A fully functional 1976 Apple 1 is currently being auctioned on eBay, with 10% of the proceeds going to the fight to find a cure for ALS (Lou Gehrig’s Disease).
Dubbed the “Copson Apple I” after original owner and former Apple employee Joe Copson, the machine up for sale originally hit the auction block at Christie’s in 2012. The machine never sold, however, as bids failed to meet reserve.
While the exact dates can’t be confirmed, the Copson Apple 1, (designated as #22), is allegedly older than a unit (#70) that brought a record $905,000 at an auction last October, and is currently on display at the Henry Ford Museum in Dearborn, Michigan.
The unit up for auction appears largely unchanged from its initial 1976 manufacturing date, although there does appear to be an Apple 1 cassette interface added to the original board.
The Apple 1, previous listed as non-working at the Christie’s auction, has apparently been repaired, as it is listed on eBay as in working condition.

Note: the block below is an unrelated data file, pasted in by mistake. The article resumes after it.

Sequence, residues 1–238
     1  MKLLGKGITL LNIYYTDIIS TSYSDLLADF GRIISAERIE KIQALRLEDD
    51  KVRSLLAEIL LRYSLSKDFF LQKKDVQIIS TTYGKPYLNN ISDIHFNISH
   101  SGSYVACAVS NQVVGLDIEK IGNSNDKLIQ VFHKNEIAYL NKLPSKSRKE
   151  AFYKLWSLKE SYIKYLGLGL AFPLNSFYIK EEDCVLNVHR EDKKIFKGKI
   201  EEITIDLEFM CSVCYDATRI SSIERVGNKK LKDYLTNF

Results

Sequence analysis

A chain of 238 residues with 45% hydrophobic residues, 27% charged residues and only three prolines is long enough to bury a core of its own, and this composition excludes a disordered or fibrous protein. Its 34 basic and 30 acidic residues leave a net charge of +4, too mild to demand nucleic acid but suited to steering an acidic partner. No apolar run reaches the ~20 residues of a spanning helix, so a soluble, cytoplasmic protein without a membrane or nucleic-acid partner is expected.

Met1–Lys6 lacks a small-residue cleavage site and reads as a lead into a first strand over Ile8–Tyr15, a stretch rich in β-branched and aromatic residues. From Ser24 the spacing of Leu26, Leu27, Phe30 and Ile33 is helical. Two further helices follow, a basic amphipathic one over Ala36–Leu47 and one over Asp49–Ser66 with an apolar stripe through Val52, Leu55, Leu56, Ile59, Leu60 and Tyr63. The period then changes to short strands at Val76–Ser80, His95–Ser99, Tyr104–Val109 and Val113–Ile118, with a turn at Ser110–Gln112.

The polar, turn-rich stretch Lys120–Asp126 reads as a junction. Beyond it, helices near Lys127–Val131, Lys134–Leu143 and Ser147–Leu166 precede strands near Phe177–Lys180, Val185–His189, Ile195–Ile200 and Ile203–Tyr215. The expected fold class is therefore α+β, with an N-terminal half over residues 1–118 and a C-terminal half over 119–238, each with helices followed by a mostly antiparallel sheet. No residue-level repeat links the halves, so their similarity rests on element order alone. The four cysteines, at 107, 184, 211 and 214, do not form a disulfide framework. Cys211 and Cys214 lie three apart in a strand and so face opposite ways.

Also included in the auction are a clamshell case with a Datanetics keyboard, an era appropriate Sony television, and a replica Apple I instruction manual signed by Apple cofounder Steve Wozniak.
The auction page states that 10% of the proceeds from the auction will go to the ALS Association – DC/MD/VA Chapter. The ALS Association is the only national not-for-profit voluntary health organization whose sole mission is to improve living with amyotrophic lateral sclerosis (Lou Gehrig s Disease) and to find a cure for ALS.
There were a total of 200 Apple 1 computers built, starting in 1976. The initial selling price was $666.66, and did not include a power supply, display, housing, or keyboard.
As of this article, the eBay auction sits at a high bid of $20,600, with just over 8 days remaining.